Editor’s note: This is the 11th in a series of monthly mental health guest posts. This month we have a slightly different perspective. After reading my guest post on Spiritualist Helen Duncan for the Kith & Kin Research blog, Counsellor and writer Ian Stevenson shared a talk he was giving on the subject of the ‘spiritual’ support sought by those who suffer a bereavement. It looks at a report into Spiritualism commissioned, then suppressed, by the Church of England in 1937. Its subsequent ‘leaking’ in 1947 made news across the world. I am very grateful to Ian for this fascinating piece, dealing with a religious debate that continues today as we seek ways to come to terms with death and dying.
All of us have probably wondered about an afterlife. For those who don’t believe there is anything ‘beyond’ this world, it is a fantasy; for others it is a source of comfort as they or a loved one reaches the end of their life.
For the undecided, in the UK at least, there are two possible sources of information. One is the church. The other is the medium and the Spiritualist movement (and ‘psychic’ researchers perhaps).
We live in a scientific and sceptical world. Many of us will have seen Derren Brown showing how he (and, by inference fake mediums) can fool people by a process of “cold reading”- i.e. pretending to give messages from beyond but actually using generalities and picking up on feedback. It can look quite impressive, but is challenged. Professor Gary Schwartz in the USA did a number of sittings where the supposed ‘medium’ could not see or hear the sitter and they still came up with specific names and events (not generalities) and were up to 80% accurate.
We might well think that using ‘sincere’ mediums would give some empirical or practically derived evidence about what religion says, supporting what might otherwise be seen as a mere ‘story’. Historically some clergy have actively worked with mediums. The Reverend J Aelwyn Roberts’ Holy Ghostbuster and the more serious Yesterday’s People are two interesting accounts of his work as a Parson in North Wales in the latter half of the last century.
Generally the church distances itself from working with mediums. However, in 1937 the Church of England appointed a committee to investigate and report back to Archbishop Cosmo Lang. After two years they issued a report which urged continuing dialogue with “intelligent spiritualists”. There was a minority on the committee which strongly rejected the whole idea. The Archbishop was disappointed with the report and, with the approval of the House of Bishops, declined to publish it.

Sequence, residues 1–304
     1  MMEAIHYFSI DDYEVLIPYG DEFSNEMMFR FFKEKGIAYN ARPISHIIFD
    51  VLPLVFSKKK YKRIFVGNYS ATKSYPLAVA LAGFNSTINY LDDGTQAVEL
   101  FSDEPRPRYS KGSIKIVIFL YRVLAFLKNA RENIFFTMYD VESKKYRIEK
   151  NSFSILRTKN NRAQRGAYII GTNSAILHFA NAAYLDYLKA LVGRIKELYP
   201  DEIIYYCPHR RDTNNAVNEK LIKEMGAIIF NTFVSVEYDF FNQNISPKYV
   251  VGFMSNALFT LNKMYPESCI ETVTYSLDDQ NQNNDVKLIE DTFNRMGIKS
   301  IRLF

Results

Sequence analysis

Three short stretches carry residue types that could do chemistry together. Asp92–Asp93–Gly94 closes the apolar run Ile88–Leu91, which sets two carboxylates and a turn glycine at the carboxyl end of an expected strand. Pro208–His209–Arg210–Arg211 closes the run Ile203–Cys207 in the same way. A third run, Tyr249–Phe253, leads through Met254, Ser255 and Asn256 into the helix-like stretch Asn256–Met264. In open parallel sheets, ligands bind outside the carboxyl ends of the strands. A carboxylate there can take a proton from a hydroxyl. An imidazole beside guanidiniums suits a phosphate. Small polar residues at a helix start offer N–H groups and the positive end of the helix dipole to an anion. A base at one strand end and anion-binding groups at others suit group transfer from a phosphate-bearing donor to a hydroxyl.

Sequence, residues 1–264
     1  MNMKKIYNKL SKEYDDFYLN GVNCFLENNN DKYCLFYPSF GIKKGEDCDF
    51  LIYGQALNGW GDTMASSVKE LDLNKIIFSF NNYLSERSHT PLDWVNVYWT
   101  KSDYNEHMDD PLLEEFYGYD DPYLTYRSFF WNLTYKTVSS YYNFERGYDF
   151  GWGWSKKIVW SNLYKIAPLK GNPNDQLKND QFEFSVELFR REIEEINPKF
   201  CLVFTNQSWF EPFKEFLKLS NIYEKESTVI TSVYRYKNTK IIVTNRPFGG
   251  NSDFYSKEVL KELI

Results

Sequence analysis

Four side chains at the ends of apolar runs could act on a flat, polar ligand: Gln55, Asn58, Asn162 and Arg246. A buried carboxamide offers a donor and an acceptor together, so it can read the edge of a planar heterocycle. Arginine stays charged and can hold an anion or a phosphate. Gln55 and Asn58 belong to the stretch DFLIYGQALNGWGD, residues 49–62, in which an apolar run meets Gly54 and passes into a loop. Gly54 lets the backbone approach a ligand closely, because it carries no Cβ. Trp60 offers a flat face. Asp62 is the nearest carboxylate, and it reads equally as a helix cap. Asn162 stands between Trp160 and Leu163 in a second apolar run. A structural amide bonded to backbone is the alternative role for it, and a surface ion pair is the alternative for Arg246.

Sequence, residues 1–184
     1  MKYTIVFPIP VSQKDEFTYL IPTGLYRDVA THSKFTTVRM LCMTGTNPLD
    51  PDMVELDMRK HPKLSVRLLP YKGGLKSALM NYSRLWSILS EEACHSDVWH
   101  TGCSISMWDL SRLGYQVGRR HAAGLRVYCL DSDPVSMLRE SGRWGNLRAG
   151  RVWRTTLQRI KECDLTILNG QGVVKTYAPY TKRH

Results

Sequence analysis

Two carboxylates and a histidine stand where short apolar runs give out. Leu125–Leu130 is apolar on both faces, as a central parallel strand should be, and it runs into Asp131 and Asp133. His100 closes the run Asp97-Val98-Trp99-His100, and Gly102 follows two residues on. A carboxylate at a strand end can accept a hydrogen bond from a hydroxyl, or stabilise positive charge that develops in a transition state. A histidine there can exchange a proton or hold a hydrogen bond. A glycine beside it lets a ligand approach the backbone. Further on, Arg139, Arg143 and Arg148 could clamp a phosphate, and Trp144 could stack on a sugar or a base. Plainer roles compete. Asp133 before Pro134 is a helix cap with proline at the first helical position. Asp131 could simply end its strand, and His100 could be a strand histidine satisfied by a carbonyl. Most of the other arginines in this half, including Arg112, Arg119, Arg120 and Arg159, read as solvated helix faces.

It was eventually leaked to the Spiritualist newspaper Psychic News in 1947, making world headlines, and a full account appeared in 1979 in the journal of the Churches’ Fellowship for Psychic and Spiritual Studies (CFPSS). According to the retiring President of the CFPSS, tension over the issue still runs high to this day, some seventy years after the report.
Let us first look at what Spiritualists – who don’t have a single, overarching organisation – say. They hold that when we first ‘pass over’, we are the same as when we lived on the earth plane with all our virtues, faults and prejudices. People who have been selfish and obsessed with material comfort are often “earthbound” that is unable to move on: cut off from the love and light of the next world. People, who have been generous and loving report pleasant surroundings. For some, it seems that we create our post-mortem conditions, but these gradually fade and we face a “second death” which is the leaving behind of the transitory aspects of the personality. Some believe in reincarnation; others in closer relationship to the Source – or God – if you like.